immunity. For example, section 281.050 authorizes a district, in broad terms and subject to
approval of the commissioners court, to construct, acquire, and maintain property and hospital
facilities to provide services. Section 281.051 grants authority, again subject to approval of the
commissioners court, to contract or cooperate with various governmental and private entities to
fulfill a district=s duties and to enter contracts to provide for medical care of certain classes of
needy individuals. Section 281.055 authorizes districts to accept gifts and endowments to be
held in trust and to administer them.

The context in which section 281.056(a) is found shows that the Legislature intended to invest
districts with powers and authority necessary to conduct their business, subject in large part to
approval of the county commissioners court. There is, however, no indication that by use of the
“sue and be sued” language the Legislature clearly intended to waive districts= immunity from
suit. We conclude that section 281.056(a) does not, either by itself or in context, clearly and
unambiguously waive HCHD=s immunity to suit.

Next, we turn to THA=s claim that HCHD=s immunity is waived by the framework of law created
by the Texas Constitution and certain sections of the Health and Safety Code.

D. Constitutional Provisions

Article IX, Section 4 of the Texas Constitution was proposed and adopted as an amendment in
1954. It provides that if a hospital district is legislatively authorized and created, “such Hospital
District shall assume full responsibility for providing medical and hospital care to needy
inhabitants of the county and thereafter such county and cities therein shall not levy any other
tax for hospital purposes.” Id. At the time the amendment was proposed, city-county hospitals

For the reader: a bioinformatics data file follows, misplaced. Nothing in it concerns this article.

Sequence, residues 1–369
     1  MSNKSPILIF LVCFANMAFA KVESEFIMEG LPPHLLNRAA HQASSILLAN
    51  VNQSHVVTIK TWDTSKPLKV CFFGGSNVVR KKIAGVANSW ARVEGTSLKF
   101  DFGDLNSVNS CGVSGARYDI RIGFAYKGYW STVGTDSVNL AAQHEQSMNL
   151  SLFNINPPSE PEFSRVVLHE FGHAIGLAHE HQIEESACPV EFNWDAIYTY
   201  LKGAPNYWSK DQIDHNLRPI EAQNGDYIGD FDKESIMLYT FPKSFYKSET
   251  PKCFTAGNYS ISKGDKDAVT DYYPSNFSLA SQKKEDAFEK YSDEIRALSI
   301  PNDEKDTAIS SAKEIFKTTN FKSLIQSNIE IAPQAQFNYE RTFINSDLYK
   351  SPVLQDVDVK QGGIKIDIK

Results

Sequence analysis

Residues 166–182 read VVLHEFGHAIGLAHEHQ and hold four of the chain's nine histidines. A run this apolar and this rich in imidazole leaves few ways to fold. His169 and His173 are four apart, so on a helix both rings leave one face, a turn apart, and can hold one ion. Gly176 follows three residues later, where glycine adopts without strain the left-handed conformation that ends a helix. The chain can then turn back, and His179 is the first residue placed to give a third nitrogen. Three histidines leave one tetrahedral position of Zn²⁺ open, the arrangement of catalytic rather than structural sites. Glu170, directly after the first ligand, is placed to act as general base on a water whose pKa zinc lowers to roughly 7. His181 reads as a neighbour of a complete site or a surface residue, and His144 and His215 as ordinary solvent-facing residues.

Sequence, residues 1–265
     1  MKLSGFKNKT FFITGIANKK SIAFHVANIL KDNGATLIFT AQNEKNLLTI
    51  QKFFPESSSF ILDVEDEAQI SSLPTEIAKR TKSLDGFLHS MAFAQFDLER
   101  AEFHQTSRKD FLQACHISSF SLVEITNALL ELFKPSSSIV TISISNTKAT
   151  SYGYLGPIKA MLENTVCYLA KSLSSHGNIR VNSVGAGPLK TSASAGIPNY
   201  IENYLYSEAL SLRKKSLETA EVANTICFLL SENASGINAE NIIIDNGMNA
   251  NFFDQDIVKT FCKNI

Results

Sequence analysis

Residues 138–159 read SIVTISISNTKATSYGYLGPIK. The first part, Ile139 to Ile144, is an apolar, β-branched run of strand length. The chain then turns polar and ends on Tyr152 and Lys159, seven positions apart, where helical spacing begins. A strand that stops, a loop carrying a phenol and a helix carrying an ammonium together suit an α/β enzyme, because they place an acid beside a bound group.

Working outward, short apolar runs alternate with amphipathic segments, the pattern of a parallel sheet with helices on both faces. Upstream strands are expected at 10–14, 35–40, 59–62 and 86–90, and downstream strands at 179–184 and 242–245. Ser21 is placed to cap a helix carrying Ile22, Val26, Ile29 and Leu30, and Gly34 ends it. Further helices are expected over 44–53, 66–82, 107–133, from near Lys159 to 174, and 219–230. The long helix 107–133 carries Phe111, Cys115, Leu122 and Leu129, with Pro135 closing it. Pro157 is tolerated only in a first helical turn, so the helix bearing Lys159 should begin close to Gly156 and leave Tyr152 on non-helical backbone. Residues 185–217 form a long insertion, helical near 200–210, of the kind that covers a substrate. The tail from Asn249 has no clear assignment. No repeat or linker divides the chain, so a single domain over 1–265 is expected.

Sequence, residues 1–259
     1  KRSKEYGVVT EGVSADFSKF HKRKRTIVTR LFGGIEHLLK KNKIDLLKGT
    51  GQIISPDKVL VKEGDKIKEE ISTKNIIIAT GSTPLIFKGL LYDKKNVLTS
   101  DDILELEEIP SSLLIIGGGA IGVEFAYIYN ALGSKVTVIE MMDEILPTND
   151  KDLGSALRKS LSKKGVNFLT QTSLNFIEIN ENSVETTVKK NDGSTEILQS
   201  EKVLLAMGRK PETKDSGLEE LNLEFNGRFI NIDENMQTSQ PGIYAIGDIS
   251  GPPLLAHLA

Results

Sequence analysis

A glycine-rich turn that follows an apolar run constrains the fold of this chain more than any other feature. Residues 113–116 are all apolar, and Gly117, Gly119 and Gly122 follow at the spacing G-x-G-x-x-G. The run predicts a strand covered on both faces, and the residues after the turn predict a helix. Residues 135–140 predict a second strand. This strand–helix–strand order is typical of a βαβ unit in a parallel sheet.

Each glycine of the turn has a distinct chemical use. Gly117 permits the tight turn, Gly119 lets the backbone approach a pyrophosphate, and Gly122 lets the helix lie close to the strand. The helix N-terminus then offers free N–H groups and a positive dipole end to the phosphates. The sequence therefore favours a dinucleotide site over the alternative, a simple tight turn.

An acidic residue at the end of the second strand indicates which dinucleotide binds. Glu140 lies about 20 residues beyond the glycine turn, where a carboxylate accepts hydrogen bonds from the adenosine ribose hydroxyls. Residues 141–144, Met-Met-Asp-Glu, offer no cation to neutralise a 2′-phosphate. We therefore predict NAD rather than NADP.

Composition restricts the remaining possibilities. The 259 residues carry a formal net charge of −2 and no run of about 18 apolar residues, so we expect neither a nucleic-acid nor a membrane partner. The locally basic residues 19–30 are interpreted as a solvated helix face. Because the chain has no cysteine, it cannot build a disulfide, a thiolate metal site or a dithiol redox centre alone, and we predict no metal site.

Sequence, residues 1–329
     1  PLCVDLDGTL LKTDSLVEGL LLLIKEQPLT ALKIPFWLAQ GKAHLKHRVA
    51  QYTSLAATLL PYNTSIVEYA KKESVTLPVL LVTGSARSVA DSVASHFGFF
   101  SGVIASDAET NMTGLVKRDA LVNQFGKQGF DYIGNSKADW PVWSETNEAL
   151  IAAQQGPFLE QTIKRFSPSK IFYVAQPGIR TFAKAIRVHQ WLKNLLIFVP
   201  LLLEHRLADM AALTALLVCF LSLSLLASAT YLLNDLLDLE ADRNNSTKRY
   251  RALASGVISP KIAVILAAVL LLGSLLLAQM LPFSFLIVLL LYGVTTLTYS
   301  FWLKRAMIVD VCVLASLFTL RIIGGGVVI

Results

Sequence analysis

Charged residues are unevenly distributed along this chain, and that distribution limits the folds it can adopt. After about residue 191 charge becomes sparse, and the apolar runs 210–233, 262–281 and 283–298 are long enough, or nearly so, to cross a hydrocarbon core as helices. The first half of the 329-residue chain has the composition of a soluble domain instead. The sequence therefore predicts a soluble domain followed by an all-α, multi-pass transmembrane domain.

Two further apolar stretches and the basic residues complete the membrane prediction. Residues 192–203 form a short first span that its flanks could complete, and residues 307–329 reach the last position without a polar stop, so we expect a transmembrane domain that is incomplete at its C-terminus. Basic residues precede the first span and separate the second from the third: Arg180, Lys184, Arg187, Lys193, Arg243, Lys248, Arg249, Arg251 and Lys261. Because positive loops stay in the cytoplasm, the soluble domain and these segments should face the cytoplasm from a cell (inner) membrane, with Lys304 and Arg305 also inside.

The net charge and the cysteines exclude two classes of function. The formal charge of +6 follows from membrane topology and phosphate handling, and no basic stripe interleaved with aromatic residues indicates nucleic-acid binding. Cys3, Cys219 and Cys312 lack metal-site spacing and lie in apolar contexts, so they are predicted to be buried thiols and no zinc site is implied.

were supported by both city and county taxes. The amendment was meant to address the issue
of city residents being taxed by both cities and counties to support the hospitals, while non-city
residents paid only county taxes. Dallas= Stake Big in Hospital Vote, Dallas Morning News, Oct.
24, 1954, at pt. VII, p. 6. At that time, the common-law doctrine of sovereign immunity that Ano
state can be sued in her own courts without her consent, and then only in the manner indicated
by that consent” had been established in Texas for over one hundred years. See Tooke, 197 S.
W.3d at 331 (internal quotation marks omitted) (quoting Hasner v. DeYoung, 1 Tex. 764, 769
(1847)). The constitutional language as it was proposed and adopted did not address waiver of
a hospital district=s immunity. The constitutional language bears on a hospital district=s liability
for providing care, but it does not address the method by which that liability may be enforced;
that is, whether a hospital district is or is not immune from suit to establish and secure a
judgment for the amount of whatever its liability may be. We need go no further than the plain
language of the Constitution to conclude it does not provide that suits for damages may be filed
against a hospital district. See Bouillion, 896 S.W.2d at 148.[2] We hold that article IX, section 4
does not waive a district=s governmental immunity from suit.